U. S.: Court confirms record judgment against Chevron
Oct 11, 2012
The U. S. Supreme Court rejected an injunction against a judgment punishing Chevron for massive oil pollution of Ecuador’s Amazon rainforest. A court in Ecuador had issued a ruling condemning the American oil company to pay damages to the amount of $19 billion. Chevron attempted to block enforcement of this judgment – but ultimately failed.
Chevron will now have to assume liability and pay damages for the extensive contamination of the rainforest and the resultant poisoning of its indigenous residents caused by Texaco. Texaco, which was later acquired by Chevron, was active in Ecuador between 1963 and 1992, extracting oil in the country’s eastern Amazonas region. In the process, it released billions of tons of toxic waste into the environment over a period of several years. At least 1,500 square kilometers of Ecuador’s Lago Agrio region were contaminated – an area now dubbed “the Chernobyl of the Amazon”.
Texaco’s poisonous waste destroyed animal and plant life, polluting the soil as well as lakes and rivers. The indigenous groups in the area suffer from significantly increased cancer rates, which prompted the affected communities to sue the oil company. In January 2012, a court in Ecuador found for them and ordered Chevron to pay damages to the unprecedented amount of $19 billion.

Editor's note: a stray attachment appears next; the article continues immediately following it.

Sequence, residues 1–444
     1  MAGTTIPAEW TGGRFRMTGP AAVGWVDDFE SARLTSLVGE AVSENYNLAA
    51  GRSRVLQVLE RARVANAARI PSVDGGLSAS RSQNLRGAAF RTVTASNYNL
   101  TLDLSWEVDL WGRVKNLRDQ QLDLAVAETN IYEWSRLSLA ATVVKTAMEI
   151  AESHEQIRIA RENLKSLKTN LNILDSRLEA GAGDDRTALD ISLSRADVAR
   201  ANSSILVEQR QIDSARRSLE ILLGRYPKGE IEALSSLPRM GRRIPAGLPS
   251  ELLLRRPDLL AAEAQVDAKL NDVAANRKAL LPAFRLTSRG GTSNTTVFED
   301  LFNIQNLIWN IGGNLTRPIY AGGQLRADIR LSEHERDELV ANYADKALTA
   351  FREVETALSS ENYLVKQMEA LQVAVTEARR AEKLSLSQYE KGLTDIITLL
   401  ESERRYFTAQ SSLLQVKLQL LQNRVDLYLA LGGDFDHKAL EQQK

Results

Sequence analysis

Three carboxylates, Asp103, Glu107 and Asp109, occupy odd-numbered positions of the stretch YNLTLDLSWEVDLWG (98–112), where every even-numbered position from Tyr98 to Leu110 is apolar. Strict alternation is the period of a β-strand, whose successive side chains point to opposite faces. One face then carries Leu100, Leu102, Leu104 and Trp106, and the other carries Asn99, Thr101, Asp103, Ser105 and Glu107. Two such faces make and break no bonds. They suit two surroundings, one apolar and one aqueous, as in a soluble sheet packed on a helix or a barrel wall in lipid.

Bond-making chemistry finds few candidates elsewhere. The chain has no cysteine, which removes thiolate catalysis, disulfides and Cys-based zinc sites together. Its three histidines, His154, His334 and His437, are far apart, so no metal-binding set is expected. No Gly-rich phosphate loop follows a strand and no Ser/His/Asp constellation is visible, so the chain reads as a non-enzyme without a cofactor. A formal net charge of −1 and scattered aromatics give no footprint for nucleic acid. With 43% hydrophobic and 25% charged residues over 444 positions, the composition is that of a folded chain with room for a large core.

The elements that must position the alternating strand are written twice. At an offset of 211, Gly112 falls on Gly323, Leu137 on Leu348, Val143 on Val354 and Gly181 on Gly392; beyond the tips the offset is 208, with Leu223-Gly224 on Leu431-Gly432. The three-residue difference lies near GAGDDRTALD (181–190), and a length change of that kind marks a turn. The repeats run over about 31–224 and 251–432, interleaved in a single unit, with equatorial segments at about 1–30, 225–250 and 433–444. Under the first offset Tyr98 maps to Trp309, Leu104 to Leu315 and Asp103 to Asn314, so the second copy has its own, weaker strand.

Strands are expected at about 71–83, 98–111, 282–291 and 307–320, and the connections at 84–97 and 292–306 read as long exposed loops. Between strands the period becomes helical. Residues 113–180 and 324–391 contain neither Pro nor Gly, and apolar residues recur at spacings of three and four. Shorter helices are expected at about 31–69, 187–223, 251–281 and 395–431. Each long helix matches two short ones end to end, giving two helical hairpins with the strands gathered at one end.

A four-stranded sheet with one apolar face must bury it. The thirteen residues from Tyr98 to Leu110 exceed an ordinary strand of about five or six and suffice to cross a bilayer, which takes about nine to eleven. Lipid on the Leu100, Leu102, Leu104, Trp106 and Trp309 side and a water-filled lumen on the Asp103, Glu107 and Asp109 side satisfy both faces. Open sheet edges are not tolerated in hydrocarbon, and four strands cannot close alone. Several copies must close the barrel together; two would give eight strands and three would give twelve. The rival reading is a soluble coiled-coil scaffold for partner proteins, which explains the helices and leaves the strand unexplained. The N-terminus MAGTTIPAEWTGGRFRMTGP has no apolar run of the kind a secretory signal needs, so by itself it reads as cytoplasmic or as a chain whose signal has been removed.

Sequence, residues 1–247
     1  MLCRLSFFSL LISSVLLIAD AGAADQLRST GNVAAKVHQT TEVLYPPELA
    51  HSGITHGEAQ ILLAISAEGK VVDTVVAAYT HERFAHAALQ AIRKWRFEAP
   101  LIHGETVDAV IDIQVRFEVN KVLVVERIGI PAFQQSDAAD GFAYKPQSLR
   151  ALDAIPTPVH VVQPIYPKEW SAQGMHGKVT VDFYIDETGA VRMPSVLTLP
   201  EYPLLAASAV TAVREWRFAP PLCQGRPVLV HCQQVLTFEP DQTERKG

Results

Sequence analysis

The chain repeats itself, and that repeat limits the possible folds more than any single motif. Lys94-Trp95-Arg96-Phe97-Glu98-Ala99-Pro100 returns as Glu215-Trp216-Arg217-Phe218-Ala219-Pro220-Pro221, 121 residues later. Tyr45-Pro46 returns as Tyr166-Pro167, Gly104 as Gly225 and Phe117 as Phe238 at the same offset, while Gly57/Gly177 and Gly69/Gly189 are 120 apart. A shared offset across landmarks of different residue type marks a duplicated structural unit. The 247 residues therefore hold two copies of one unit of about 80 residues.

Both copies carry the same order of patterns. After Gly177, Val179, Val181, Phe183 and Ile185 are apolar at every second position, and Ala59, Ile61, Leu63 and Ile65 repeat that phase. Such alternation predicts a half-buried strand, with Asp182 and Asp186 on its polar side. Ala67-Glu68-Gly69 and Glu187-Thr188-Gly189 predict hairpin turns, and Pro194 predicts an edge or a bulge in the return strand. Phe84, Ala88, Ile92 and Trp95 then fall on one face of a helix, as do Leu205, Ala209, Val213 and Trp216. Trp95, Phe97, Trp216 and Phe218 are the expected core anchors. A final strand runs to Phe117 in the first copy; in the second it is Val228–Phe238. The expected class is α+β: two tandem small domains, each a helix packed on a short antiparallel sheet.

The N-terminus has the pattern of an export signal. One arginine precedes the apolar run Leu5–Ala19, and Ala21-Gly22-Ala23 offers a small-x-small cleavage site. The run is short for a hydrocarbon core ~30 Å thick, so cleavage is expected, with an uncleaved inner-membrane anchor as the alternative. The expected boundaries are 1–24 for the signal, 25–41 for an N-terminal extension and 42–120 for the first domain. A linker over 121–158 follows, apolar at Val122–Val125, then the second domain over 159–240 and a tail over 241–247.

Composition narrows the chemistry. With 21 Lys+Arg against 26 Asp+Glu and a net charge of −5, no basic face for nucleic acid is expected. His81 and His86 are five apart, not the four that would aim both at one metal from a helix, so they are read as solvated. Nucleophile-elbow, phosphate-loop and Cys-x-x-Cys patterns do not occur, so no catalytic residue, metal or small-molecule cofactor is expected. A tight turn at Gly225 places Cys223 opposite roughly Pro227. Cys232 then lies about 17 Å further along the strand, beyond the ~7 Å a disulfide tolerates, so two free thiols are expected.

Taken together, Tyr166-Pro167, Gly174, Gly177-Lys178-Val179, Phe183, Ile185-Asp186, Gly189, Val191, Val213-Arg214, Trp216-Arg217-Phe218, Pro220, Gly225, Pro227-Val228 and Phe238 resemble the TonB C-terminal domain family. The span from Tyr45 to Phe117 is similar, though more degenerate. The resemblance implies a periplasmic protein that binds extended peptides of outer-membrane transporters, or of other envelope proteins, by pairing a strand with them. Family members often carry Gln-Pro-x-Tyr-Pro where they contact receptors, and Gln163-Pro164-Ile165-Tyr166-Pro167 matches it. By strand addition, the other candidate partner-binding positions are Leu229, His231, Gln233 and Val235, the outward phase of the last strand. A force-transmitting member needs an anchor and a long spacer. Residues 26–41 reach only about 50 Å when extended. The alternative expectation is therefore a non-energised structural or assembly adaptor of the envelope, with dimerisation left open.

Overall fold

Chevron filed for an injunction against the decision in a lower U. S. court and initially prevailed, but the U. S. Supreme Court now rejected the injunction and confirmed the record judgment. This landmark decision also shows a way forward for other indigenous communities affected by mining and oil companies.